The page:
Posts for: February, 2016
If you ever get out of the habit of daily brushing and flossing, you’re setting yourself up for dental disease. Neglecting oral hygiene allows bacterial plaque to build up on tooth surfaces, which can give rise to aggressive gum infections known collectively as periodontal (gum) disease.
Gum disease may first manifest itself as gingivitis, an inflammation of the outer gum tissues around teeth. Resuming hygiene habits could help reduce the infection if it’s detected early enough. If the infection has spread deeper below the gum line, though, brushing and flossing won’t be able to reach and remove the offending plaque — you’ll need our help with that.
The objective of any such treatment is the same as your daily brushing and flossing — remove plaque as well as hardened deposits (calculus) that cause disease. The most basic technique is called scaling in which we use specialized hand instruments (scalers) or ultrasonic equipment to loosen and remove the plaque and calculus from all tooth and gum surfaces.
For deeper plaque, we may need to use a technique called root planing. As its name implies, we use equipment similar to scalers to shave or “plane” plaque, calculus, bacteria or other toxins from the roots that have become ingrained in their surfaces.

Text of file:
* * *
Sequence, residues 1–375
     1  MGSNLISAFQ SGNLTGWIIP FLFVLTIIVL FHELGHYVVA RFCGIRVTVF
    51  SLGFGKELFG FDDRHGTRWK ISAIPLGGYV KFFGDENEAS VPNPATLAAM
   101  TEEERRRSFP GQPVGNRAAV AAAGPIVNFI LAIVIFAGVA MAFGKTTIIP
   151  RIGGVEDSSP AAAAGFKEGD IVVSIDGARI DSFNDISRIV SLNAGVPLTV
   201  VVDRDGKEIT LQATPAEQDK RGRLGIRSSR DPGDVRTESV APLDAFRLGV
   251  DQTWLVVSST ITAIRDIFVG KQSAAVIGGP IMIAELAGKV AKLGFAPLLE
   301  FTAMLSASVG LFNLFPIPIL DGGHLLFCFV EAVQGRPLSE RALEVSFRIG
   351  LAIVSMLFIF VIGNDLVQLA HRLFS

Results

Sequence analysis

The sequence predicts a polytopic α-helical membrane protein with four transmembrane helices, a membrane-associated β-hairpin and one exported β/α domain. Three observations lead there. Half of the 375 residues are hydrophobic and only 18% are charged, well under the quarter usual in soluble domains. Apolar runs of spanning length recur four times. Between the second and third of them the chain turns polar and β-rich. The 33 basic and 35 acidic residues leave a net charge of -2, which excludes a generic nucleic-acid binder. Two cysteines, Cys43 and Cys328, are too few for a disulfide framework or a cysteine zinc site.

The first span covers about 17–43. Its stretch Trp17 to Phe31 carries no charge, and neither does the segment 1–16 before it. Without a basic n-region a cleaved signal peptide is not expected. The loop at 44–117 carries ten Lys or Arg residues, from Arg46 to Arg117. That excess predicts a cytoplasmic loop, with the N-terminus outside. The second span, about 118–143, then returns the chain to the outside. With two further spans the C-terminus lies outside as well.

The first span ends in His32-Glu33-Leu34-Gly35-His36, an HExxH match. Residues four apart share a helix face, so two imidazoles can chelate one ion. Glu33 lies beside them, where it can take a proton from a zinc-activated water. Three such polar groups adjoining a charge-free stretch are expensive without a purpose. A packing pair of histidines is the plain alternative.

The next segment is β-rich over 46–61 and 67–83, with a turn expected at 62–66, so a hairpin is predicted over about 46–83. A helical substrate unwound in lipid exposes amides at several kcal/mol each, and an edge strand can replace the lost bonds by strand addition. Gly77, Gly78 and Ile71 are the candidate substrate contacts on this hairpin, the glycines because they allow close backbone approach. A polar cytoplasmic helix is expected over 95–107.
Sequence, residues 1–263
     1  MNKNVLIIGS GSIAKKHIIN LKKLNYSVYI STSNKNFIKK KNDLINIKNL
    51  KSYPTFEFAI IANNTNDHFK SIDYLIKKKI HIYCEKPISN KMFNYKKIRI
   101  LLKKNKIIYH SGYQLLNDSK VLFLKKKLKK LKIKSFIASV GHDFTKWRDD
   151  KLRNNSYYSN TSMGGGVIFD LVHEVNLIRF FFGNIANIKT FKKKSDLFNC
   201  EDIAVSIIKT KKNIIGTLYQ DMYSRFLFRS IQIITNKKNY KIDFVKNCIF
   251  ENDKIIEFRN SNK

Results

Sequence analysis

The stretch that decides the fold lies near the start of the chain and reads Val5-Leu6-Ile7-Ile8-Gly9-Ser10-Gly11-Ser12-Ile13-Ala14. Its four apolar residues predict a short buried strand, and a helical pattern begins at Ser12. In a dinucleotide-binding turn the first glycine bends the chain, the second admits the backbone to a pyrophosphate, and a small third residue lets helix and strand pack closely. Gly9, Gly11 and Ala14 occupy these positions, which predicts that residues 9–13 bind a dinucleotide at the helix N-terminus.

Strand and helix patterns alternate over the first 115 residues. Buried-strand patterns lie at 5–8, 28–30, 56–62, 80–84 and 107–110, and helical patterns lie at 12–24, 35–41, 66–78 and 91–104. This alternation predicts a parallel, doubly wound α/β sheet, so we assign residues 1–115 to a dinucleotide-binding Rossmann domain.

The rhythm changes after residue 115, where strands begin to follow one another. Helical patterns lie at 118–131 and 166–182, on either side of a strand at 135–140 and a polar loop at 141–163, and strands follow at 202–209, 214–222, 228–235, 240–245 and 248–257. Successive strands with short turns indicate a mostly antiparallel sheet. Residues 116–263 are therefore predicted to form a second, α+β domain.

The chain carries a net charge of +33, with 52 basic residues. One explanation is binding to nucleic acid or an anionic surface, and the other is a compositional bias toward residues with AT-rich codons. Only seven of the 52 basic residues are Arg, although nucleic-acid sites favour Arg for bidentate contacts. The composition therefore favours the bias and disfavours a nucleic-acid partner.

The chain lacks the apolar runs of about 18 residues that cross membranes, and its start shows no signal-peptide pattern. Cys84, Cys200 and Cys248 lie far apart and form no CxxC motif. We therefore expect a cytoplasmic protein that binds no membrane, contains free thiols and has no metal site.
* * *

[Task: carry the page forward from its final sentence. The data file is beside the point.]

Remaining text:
These procedures are often carried out with local anesthesia to ensure patient comfort and allow us to be as meticulous as possible with plaque and calculus removal. It’s imperative that we remove as much plaque and calculus as possible, and which often involves more than one session. This is because as the gum tissues become less inflamed it allows us to access more plaque-infested areas during subsequent sessions.
Hopefully, these techniques will arrest the infection and restore good health to gum tissues. It’s then important for you to recommit and follow through on a renewed daily hygiene regimen to reduce the chances of re-infection that could lead to more serious problems and potential tooth loss.
If you would like more information on treating periodontal (gum) disease, please contact us or schedule an appointment for a consultation. You can also learn more about this topic by reading the Dear Doctor magazine article “Root Planing.”
Putting off seeing the dentist is a common practice for many people. However, did you know that regular dental examinations and cleanings are crucial to your oral health? From catching conditions early to preventing them from happening in the first place, there are many great reasons to visit your dentist twice a year.